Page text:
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I am a beginner and can squat upto 175lbs but the same weight if I deadlift I feel my lower back .This is certainly problem as most people normally can deadlift much more than squat max.Maybe it's something to do with my form or depth,my body structure.I am a short guy about 168 cm.

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“most people normally can deadlift much more than squat “

I tend to disagree with this assertion. There's no “rule” per se that suggests you should be able to deadlift more than you squat. Each of us, as individuals, may have one or more lifts that are more difficult than others. However, there's nothing stopping you from improving an individual exercise. Rather than spending time worrying bout the discrepancy, you should work to improve your weaknesses by concentrating on strengthening the muscles that are involved in the particular exercise you'd like to improve.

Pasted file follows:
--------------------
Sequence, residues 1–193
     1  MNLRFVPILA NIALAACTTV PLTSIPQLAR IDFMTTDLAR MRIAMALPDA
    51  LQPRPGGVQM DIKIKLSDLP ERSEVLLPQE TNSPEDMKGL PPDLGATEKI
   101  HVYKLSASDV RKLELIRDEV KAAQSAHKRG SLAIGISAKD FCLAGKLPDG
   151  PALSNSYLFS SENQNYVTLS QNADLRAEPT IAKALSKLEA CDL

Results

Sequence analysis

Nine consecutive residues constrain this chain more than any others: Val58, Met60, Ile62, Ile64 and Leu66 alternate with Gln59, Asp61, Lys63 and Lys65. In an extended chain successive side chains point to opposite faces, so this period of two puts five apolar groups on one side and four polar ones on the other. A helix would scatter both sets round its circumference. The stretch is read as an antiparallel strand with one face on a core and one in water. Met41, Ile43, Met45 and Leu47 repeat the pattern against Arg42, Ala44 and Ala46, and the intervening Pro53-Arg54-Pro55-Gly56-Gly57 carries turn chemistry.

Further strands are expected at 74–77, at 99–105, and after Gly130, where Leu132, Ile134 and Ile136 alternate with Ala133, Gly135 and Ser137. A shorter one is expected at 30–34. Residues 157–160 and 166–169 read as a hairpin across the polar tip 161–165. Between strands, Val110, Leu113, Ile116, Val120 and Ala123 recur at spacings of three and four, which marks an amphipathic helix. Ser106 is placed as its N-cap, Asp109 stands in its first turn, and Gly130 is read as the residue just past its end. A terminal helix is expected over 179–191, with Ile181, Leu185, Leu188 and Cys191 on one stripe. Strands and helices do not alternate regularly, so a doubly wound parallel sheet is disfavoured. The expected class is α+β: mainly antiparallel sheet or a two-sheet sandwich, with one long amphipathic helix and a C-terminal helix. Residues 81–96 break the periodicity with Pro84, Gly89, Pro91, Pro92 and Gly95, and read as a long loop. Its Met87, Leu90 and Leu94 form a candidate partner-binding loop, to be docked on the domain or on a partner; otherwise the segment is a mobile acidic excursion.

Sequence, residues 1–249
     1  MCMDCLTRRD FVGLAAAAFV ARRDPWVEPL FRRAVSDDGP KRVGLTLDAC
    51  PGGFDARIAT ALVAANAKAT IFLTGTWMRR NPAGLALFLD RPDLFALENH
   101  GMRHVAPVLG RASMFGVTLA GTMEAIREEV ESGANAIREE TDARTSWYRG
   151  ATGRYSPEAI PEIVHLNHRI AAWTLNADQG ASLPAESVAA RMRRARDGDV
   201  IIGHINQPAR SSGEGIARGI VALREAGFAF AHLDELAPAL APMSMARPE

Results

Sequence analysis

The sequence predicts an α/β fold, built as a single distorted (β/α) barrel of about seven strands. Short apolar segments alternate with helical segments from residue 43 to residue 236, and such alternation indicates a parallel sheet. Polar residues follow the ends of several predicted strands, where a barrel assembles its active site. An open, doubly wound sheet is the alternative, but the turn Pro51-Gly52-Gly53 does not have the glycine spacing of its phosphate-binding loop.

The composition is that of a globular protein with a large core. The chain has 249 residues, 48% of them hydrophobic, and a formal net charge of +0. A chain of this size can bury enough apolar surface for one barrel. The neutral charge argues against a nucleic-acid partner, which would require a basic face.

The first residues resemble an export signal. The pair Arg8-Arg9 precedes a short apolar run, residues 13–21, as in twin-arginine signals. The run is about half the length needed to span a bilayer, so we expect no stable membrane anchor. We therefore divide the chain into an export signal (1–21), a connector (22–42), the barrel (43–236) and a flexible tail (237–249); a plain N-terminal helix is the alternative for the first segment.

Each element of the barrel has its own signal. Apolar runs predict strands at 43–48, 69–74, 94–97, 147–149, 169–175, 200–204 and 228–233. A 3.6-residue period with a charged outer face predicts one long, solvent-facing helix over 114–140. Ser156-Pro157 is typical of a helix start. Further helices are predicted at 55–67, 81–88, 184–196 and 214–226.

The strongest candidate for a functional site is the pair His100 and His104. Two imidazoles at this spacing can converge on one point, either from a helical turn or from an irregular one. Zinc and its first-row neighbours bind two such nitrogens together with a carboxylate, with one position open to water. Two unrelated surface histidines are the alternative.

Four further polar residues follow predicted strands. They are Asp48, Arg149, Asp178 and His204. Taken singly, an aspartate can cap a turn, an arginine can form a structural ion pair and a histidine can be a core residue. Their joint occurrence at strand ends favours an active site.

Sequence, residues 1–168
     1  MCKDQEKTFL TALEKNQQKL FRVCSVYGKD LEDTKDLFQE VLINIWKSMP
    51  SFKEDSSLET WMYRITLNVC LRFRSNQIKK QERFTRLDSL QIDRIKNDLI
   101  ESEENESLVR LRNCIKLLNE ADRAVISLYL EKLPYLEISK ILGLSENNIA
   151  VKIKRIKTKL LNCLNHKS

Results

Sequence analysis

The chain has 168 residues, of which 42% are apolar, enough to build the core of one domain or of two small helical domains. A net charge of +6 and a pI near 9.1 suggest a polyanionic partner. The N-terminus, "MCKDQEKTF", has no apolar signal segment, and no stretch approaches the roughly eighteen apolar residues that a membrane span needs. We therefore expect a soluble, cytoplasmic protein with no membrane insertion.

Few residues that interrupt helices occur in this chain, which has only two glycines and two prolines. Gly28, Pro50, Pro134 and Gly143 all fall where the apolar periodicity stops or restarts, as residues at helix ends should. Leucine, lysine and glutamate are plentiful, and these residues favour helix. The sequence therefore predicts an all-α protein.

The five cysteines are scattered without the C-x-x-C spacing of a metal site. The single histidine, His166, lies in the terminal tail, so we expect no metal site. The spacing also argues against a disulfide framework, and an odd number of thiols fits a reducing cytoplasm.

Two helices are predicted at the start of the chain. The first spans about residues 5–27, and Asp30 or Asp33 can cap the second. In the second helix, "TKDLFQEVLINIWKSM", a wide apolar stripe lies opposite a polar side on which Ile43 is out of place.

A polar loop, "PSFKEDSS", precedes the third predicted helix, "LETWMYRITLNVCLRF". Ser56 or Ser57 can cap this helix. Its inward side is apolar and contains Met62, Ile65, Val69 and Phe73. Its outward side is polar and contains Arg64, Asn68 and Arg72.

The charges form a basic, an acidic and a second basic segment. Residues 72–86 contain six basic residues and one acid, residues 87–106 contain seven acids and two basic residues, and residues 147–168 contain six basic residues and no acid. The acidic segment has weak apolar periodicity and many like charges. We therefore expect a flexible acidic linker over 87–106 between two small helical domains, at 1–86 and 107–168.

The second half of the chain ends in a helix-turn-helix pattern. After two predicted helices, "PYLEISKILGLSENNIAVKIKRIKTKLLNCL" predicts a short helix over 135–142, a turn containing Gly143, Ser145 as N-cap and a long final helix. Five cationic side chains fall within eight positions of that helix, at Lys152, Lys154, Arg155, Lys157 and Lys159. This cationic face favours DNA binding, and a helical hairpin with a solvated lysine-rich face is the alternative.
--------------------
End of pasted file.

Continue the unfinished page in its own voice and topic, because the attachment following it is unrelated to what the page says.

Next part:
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The bar location and forwardly located load are key differences between these exercises. Due to this resulting compensation is lower back activation to "complete the lift" (otherwise you would fall forward).


Deadlift

  • To lift the bar, you're generating the force using a hip hinge -- literally like a pelvic thrust. Your back should remain neutral.

  • As this will take's some time to learn, it's common to see people lifting with their lower back simply poor mechanics / improper form.

  • Another cause is using too much weight. If the barbell is too heavy the force of your hip hinge isn't enough - so your lower back contracts and "compensates" to assists in completing the lift.

To learn the thrusting movement while you're maintaining a neutral back start with a slightly raised bar (with no weight) or kettle bells.


Squat

  • During a squat the force of the bar is instead behind your neck, so if you can't get back up to complete the rep you'd tend to fall backwards.

  • Contracting your lower back in this case will not help you complete the lift -- so it's not a compensation seen here.

Also please note, while it's important to keep your back straight while squatting, unlike an incorrect deadlift, your lower back musculature is not forcefully contracting and pulling on a flexed spine (which is a very unstable position for your spine).

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